According to Verdant Robotics, Inc.’s website, there is a waiting list for the 2022 lineup of automated multi-crop, self-driving farm vehicles as the growing interest of farming outfits are lining up to learn more what it can do and how it will benefit them. This is more than just a piece of farm machinery. It is also a programmable tool that’s designed to optimize a farmer’s busy schedule with less worry and better productivity.
With an estimate of ten billion people by 2050, Verdant Robotics, Inc. has a determination to ensure the agricultural industry is able to keep up with the growing demands placed on farmers. Not only does the automation technology enable a more efficient means to run any farm, regardless of size, it also eases the carbon footprint with cleaner machinery operations as opposed to the current industry standard.
There may be a concern among members of the agricultural community how will jobs be affected due to the incoming of AI units manning machinery and tools that are otherwise done by people. As the world evolves with new technological breakthroughs, so does the ever-changing face of the job market. Due to the on-farm technology advancements, there is a need for more data operators and robot mechanics. Although no jobs have been officially posted with Verdant Robotics, Inc. there is an invite for interested individuals to inquire and apply. What the company is currently looking for as talent are engineers, software experts, a technological team, as well as professionals in the agricultural industry and robotics.
At the moment, Verdant Robotics, Inc. has thirty-eight members of the company with LinkedIn profiles. The talent pool is mostly based out of the Haywood, California area but there are a few that are remotely located due to the complications brought about by COVID-19.
Agtech is an industry due to be disrupted by robotic engineering. Abundant Robotics attempted to do this but has since gone under. However, Wavemaker Labs, Miso, and Future Acres picked up Abundant’s mantle, then teamed up with Verdant Robotics, Inc. to build what has now become a leader in the modernizing of the agricultural trade. The other competitor, Traptic, was snatched up by Bowery for vertical farming applications. For companies like Miso/Wavemaker and Verdant, the need to fill the worker gap that was created since the start of the COVID-19 pandemic has placed them in great positions to be of real service to farming outfits that need to meet their own contractual obligations. With a world population that continues to grow, so does the demand for the agricultural industry to keep up. Like it or not, computers and machinery are capable of doing things that the human body can’t. However, keep in mind, those computers and robots are useless without the human race to build them, program them, and maintain them.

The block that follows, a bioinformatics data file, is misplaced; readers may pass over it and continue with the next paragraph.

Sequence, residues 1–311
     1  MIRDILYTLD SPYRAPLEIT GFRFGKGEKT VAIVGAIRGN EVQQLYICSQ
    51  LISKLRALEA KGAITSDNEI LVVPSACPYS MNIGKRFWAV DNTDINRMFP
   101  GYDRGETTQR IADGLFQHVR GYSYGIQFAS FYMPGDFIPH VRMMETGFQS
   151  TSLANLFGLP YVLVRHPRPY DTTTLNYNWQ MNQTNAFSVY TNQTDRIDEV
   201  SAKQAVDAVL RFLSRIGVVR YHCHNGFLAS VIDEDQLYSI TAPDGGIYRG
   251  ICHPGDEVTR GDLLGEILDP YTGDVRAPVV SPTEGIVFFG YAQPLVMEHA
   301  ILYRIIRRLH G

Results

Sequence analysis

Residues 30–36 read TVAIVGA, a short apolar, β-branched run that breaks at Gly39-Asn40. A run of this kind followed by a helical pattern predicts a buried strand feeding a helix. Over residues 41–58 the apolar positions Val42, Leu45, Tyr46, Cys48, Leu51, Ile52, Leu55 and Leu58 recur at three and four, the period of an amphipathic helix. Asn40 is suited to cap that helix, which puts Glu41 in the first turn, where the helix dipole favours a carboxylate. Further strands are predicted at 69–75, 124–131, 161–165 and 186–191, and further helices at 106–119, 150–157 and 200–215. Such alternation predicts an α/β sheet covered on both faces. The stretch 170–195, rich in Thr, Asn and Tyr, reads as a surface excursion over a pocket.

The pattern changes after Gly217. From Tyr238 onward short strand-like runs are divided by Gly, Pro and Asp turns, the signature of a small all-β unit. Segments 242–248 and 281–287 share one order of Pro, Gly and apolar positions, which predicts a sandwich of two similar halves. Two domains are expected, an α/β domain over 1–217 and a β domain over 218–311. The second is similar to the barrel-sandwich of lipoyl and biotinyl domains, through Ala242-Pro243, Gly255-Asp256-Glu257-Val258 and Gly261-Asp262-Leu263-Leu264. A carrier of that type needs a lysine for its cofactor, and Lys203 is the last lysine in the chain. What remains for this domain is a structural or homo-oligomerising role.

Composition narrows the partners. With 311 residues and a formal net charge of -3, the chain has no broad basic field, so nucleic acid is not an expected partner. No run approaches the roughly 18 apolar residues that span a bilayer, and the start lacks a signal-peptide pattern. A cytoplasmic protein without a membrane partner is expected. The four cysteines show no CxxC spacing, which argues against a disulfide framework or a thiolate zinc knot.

With successful funding so far, the future looks bright for Verdant Robotics, Inc. since it first became a company in 2018. So far, it remains as a privately owned company that is co-owned by three individuals and invested in by a collection of companies that have a vested interest in its development. At the moment, there are no stocks in Verdant’s name. Time will tell if it will remain a private company or if it will find itself as a stock option on Wall Street.Prev ArticleNext Article
Allen Lee is a Toronto-based freelance writer who studied business in school but has since turned to other pursuits. He spends more time than is perhaps wise with his eyes fixed on a screen either reading history books, keeping up with international news, or playing the latest releases on the Steam platform, which serve as the subject matter for much of his writing output. Currently, Lee is practicing the smidgen of Chinese that he picked up while visiting the Chinese mainland in hopes of someday being able to read certain historical texts in their original language.